Ross was born in San Francisco and grew up in Marin County. His Jewish mother and Catholic stepfather raised him in a non-religious atmosphere. Ross graduated from University of California, Los Angeles in 1970 and did graduate work there, writing his doctoral dissertation on Soviet decision-making. He later became religiously Jewish after the Six Day War.
In 2002 he co-founded the Kol Shalom synagogue in Rockville, Maryland. During President Jimmy Carter's administration, Ross worked under Deputy Assistant Secretary of Defense Paul Wolfowitz in the Pentagon. There, he co-authored a study recommending greater U.S. intervention in "the Persian Gulf Region because of our need for Persian Gulf oil and because events in the Persian Gulf affect the Arab-Israeli conflict." During the Reagan administration, Ross served as director of Near East and South Asian affairs in the National Security Council and Deputy Director of the Pentagon's Office of Net Assessment (1982-84). Ross returned briefly to academia in the 1980s, serving as executive director of the Berkeley-Stanford program on Soviet International Behavior from 1984-1986. In the mid-1980s Ross co-founded with Martin Indyk the American Israel Public Affairs Committee (AIPAC)-sponsored Washington Institute for Near East Policy ("WINEP"). His first WINEP paper called for appointment of a "non-Arabist Special Middle East envoy" who would "not feel guilty about our relationship with Israel."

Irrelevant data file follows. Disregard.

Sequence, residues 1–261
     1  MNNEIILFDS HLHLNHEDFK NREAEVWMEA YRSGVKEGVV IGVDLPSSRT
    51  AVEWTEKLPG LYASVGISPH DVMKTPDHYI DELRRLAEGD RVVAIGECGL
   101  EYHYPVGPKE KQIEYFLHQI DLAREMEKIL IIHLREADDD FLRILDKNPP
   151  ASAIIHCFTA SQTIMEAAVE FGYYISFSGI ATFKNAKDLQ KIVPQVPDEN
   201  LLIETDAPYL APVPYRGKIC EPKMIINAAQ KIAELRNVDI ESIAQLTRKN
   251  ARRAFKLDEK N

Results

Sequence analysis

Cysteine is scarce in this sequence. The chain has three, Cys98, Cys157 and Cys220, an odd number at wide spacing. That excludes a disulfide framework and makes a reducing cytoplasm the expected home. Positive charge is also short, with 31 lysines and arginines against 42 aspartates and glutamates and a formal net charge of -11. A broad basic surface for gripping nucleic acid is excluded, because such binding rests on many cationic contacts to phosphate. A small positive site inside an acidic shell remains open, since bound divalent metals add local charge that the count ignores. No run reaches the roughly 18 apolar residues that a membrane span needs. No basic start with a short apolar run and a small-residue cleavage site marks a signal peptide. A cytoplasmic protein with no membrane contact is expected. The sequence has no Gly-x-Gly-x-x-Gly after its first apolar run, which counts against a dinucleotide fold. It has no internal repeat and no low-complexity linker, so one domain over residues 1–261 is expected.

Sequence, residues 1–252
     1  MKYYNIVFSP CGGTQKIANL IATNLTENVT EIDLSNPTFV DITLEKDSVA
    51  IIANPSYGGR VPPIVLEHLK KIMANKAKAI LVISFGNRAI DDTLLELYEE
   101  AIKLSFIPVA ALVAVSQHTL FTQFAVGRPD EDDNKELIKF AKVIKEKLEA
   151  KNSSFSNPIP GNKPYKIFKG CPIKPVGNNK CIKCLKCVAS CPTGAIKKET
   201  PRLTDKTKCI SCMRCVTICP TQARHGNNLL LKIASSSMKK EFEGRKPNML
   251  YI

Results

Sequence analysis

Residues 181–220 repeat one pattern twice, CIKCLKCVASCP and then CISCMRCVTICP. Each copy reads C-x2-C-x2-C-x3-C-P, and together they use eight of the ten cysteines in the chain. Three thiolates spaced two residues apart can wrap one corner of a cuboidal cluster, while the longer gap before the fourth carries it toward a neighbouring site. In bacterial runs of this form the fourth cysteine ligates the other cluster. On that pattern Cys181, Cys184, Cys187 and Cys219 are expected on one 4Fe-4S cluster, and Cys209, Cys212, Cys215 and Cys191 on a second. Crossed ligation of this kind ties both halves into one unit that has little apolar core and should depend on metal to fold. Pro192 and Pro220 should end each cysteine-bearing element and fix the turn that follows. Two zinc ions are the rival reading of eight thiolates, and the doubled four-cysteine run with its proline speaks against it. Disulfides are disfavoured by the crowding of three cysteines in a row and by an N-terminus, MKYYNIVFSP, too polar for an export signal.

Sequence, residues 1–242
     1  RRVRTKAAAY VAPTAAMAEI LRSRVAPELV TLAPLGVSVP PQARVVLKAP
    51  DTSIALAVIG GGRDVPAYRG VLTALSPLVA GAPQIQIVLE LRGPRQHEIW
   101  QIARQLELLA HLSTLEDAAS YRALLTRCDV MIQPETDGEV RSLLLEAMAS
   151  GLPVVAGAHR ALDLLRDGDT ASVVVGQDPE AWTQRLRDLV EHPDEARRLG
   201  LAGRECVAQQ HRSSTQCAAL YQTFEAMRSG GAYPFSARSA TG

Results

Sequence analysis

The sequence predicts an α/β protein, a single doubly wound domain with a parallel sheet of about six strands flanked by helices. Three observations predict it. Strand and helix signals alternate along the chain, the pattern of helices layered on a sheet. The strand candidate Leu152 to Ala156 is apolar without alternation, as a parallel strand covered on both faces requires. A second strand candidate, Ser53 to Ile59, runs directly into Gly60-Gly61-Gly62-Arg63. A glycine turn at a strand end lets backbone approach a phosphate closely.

In the President George H. W. Bush administration he was director of the United States State Department's Policy Planning Staff, working on U.S. policy toward the former Soviet Union, the reunification of Germany and its integration into NATO, arms control, and the 1991 Gulf War. He also worked with Secretary of State James Baker on convincing Arab and Israeli leaders to attend the 1991 a Middle East peace conference in Madrid, Spain.